Phased Re-opening

In North Carolina’s attempt to stay ahead of the curve, Governor Roy Cooper announced a three-phase plan to re-open our state from COVID-19 closures. Policies were enacted quickly when the COVID-19 pandemic began in order to save lives and avoid overwhelming our hospital systems. While our state has successfully slowed the rate of acceleration of COVID-19, the phased re-opening allows public health officials to observe various metrics, such as testing capacity, when considering how to safely transition back to a more normal way of life.

Phase 1 began on May 8 and lasts through May 22. During Phase 1, the Stay at Home order remains in place, but allows commercial businesses to re-open if they implement social distancing, cleaning, and other precautionary protocols. During Phase 1, changes include:

  • People may leave their homes for commercial activity.
  • Gatherings limited to no more than 10 people.
  • Parks can open subject to gathering limits.
  • Face coverings recommended in public.
  • Restrictions remain in place for nursing homes and congregate living settings.
  • Teleworking still highly recommended.

Phase 2 will begin on May 22, and may include the following changes:

  • Restaurants can open at 50 percent capacity for dine-in customers.
  • Personal care services, like hair salons, can open at 50 percent capacity.
  • Swimming pools can open at 50 percent capacity.
  • Bars, nightclubs, indoor fitness facilities, public playgrounds and indoor entertainment facilities like movie theaters and bowling alleys will remain closed.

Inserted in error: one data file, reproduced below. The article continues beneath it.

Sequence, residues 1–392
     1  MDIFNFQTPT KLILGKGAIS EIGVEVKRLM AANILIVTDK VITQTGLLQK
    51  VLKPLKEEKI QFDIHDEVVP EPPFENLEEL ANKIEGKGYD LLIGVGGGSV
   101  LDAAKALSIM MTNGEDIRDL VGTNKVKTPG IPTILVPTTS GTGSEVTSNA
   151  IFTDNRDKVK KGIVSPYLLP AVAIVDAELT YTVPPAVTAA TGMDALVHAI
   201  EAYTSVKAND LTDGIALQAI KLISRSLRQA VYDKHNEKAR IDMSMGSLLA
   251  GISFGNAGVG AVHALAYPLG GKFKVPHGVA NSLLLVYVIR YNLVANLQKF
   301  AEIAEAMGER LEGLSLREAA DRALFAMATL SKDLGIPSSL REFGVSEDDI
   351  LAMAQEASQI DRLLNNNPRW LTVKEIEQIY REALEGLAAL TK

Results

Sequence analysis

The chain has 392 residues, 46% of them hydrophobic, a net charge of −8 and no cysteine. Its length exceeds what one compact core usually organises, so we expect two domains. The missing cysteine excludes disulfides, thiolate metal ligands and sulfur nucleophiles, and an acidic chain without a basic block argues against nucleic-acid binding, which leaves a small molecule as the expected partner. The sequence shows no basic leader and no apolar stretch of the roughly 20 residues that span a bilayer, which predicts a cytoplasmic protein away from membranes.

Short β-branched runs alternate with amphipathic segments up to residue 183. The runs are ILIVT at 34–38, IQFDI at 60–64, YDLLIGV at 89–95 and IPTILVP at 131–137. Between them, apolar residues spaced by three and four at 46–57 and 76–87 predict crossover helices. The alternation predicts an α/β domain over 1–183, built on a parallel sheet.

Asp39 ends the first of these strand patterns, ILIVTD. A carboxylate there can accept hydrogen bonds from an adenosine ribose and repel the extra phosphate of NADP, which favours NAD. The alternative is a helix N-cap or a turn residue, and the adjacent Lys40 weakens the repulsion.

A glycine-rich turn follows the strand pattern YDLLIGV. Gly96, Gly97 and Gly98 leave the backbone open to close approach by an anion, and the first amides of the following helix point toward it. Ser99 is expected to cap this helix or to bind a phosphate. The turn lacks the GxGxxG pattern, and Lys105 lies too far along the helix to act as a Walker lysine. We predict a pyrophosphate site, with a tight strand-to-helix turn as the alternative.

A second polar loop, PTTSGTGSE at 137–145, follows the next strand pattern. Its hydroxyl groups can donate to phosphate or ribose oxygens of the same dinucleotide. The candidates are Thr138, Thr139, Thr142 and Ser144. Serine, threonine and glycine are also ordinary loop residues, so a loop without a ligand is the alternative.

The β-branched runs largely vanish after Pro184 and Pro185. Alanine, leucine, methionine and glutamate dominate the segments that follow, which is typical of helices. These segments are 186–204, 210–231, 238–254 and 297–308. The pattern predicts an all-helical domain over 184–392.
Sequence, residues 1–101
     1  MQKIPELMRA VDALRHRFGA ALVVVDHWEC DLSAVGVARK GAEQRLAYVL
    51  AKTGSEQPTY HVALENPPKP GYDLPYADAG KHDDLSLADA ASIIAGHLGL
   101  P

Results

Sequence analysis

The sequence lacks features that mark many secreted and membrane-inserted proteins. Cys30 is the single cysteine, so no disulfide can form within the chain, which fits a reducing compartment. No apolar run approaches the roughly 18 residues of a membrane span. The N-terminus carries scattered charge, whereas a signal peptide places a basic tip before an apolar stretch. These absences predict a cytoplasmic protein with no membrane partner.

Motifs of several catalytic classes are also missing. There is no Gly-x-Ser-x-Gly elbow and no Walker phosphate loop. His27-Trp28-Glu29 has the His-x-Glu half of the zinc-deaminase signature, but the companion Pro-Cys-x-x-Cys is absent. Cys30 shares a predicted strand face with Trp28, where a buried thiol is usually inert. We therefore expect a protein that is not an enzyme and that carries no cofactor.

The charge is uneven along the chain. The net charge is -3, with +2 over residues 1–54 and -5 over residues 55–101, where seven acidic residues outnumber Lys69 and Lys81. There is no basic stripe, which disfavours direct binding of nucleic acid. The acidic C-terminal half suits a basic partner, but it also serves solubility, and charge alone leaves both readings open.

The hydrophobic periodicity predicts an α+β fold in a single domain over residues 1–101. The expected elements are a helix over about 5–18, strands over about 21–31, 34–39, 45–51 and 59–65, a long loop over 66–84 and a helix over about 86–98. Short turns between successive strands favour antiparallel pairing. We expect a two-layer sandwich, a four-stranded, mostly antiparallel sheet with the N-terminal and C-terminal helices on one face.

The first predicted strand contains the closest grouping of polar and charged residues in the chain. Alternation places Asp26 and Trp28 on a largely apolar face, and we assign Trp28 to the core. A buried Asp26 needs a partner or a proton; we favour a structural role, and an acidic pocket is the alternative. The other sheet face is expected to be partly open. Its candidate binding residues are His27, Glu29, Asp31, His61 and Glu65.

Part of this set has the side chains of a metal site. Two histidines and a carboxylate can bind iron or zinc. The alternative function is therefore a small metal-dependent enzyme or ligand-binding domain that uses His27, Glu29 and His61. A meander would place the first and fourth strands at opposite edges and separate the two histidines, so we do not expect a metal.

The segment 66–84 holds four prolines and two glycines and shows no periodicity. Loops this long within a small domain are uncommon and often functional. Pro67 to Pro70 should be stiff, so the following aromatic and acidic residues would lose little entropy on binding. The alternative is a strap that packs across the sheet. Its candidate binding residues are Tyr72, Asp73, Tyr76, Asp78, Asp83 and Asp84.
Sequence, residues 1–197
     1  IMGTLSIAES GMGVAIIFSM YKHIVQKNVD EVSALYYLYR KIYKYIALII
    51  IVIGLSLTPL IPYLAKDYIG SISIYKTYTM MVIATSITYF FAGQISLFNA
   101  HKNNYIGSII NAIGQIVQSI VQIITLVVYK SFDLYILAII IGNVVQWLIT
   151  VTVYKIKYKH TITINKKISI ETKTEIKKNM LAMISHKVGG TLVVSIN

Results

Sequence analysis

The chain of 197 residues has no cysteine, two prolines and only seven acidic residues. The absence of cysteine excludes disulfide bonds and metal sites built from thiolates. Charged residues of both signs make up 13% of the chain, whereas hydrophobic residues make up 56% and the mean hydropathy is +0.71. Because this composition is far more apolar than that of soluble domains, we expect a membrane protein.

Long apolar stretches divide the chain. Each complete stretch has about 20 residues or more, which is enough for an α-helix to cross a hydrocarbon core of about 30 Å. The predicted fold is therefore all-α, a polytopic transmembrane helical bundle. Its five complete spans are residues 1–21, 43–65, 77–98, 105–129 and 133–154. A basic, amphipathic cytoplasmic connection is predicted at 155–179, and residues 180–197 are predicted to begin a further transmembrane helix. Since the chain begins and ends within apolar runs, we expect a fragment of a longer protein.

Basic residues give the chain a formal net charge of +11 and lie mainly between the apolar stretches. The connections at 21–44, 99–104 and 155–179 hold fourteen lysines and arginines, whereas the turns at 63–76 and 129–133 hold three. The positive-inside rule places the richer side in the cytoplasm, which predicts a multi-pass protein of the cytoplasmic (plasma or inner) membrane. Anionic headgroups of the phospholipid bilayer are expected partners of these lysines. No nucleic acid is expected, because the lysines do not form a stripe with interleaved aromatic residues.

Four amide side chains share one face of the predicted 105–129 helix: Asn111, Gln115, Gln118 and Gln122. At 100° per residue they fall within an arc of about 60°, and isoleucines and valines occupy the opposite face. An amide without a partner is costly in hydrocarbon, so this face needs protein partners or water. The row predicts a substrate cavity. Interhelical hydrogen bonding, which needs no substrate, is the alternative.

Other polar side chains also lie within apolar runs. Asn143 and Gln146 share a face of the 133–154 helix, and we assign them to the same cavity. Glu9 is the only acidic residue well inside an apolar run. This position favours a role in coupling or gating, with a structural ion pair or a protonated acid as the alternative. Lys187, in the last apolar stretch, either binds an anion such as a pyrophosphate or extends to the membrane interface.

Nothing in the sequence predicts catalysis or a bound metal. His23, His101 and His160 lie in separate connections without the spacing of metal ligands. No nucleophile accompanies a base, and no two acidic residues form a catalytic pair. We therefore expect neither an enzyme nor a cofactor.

• Mass gathering restrictions will be no more than 10 people indoors and no more than 25 outdoors.
  • Continued restrictions for nursing homes and congregate living settings.

Phase 3 could begin as soon as June 26, and this final phase will include the following changes:

  • Lessened restrictions for vulnerable populations while still encouraging social distancing.
  • Increased capacity at restaurants.
  • Reopening of bars and gyms.
  • Additional increases to number of people allowed to gather together.
  • Continued restrictions for nursing homes and congregate living settings.

The lifting of certain restrictions does not immediately put us out of harm’s way. Even after Phase 3, public health officials will continue to monitor the situation to watch for a resurgence of the virus, as well as a potential second wave. Keep practicing social distancing, washing your hands, wearing a cloth face covering and take care of your physical and emotional health.

To stay up-to-date on COVID-19 in North Carolina and to learn more, visit or text COVIDNC to 898211. Call 2-1-1 (or 888-892-1162) for general questions or for help finding human services resources in your community.